Planning reforms 'are confusing'
The government's planning reforms are "contradictory and confusing", a Commons committee has said.
Reforms that introduce a "presumption in favour of sustainable development" are "unsatisfactory" and vulnerable to legal challenges, the Environmental Audit Committee warns.
Ministers say the draft proposals are a vital part of plans to kick-start economic growth.
But campaigners fear the new rules will allow the countryside to be carved up.
In a letter to Prime Minister David Cameron, the committee calls for clearer wording in the draft National Planning Policy Framework (NPPF).
"As it currently stands, the new planning policy framework appears contradictory and confusing," said Joan Walley, Labour MP and chair of the committee.
"It pays lip service to sustainable development without providing a clear definition, potentially leaving future planning decisions open to legal challenges.
"There are environmental limits to how much development any one area can sustain and the government should acknowledge this in the final draft of the NPPF.
"If the new planning framework protects our green belt and countryside, as the government claims, then there should be no problem in defining sustainable development more clearly to avoid misinterpretation."
The government says it wants to simplify Britain's complex planning system, and in the process replace more than 1,000 pages of regulations with 52 pages.
It says the changes are necessary to kick-start house building, which is at levels last seen in the 1920s.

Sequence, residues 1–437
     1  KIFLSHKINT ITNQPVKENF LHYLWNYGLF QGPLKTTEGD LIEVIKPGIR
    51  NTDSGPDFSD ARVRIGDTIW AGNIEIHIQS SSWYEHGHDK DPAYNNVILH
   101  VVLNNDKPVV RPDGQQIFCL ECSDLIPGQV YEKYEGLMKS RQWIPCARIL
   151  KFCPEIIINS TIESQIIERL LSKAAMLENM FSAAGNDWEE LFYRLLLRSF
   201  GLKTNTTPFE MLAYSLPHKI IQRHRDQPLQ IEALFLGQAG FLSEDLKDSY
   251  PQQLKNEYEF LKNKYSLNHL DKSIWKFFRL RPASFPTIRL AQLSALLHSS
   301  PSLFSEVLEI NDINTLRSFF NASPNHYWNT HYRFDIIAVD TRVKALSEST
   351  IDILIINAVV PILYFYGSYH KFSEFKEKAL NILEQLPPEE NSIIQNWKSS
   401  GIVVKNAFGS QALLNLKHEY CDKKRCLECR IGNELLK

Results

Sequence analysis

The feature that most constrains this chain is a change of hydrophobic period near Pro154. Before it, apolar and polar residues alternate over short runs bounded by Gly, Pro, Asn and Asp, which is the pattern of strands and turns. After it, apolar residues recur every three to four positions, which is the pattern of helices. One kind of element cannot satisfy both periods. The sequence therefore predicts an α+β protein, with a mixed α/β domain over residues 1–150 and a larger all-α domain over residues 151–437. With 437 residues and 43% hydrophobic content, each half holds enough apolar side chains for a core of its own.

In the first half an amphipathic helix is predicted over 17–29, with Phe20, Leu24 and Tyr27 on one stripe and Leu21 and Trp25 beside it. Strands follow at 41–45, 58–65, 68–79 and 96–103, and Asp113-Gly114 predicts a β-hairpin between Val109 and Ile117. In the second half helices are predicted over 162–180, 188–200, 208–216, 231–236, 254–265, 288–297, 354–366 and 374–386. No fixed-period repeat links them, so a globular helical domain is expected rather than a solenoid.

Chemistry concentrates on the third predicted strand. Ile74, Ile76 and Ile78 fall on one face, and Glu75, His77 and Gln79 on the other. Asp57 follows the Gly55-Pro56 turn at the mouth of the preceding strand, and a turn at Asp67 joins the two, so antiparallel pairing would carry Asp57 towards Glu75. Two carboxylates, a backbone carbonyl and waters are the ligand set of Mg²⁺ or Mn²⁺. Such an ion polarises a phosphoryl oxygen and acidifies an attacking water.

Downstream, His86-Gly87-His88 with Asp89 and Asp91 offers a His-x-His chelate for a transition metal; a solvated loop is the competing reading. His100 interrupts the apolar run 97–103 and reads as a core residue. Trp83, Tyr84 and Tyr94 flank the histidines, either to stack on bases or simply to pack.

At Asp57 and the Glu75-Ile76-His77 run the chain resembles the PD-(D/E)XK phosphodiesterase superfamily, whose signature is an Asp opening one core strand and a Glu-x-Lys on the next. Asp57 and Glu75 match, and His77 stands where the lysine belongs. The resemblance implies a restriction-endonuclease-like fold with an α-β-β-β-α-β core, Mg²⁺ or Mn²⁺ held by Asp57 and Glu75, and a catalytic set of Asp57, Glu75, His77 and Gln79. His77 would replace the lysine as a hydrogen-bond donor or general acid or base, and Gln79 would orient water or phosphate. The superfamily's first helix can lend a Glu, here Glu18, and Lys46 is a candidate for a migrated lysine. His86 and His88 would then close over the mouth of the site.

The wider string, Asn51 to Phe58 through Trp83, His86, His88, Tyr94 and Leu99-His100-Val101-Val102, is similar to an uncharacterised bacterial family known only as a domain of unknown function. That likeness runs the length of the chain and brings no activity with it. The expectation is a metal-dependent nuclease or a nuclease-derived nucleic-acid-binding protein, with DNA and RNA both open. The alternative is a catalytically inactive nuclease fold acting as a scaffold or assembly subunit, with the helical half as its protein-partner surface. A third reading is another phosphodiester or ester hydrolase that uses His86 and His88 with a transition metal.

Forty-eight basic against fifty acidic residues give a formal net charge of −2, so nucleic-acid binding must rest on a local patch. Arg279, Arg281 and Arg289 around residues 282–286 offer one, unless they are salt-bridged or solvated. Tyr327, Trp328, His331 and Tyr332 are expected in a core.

A "presumption in favour of sustainable development" is needed to ensure more homes are built and jobs created, it says.
But critics say this gives a green light to developers. They claim the plans weaken the protection of the green belt and could lead to more urban sprawl and increased numbers of car journeys.
The National Trust, which is among the critics, has previously said overhauling planning rules is "no magic bullet" to boost economic growth.
The body says the committee's recommendations go some way towards addressing some of the key concerns.
But Fiona Reynolds, director-general, added: "Radical changes are needed throughout the draft planning changes if its fundamental flaws are to be addressed and the prime minister's assurance on the role and purpose of planning are to be upheld.
"It's vital that a short-term response to the economic situation doesn't overtake the need for a strong planning system which delivers benefits to communities and the environment as well as the economy.
"The government must resist any temptation to use the current eurozone crisis as a smokescreen for deregulation, which could cause lasting damage to town and countryside for generations to come."
The government says it wants planning system that makes clear its intention to provide homes and jobs, while protecting the countryside.
"The planning system has always enshrined the principle that the economic, environmental and social dimensions of sustainable development should be considered in a balanced way - and it will continue to do so," a Department for Communities and Local Government spokesman added.
The spokesman said the government would take into account the committee's comments, along with input from recent parliamentary debates on the issue.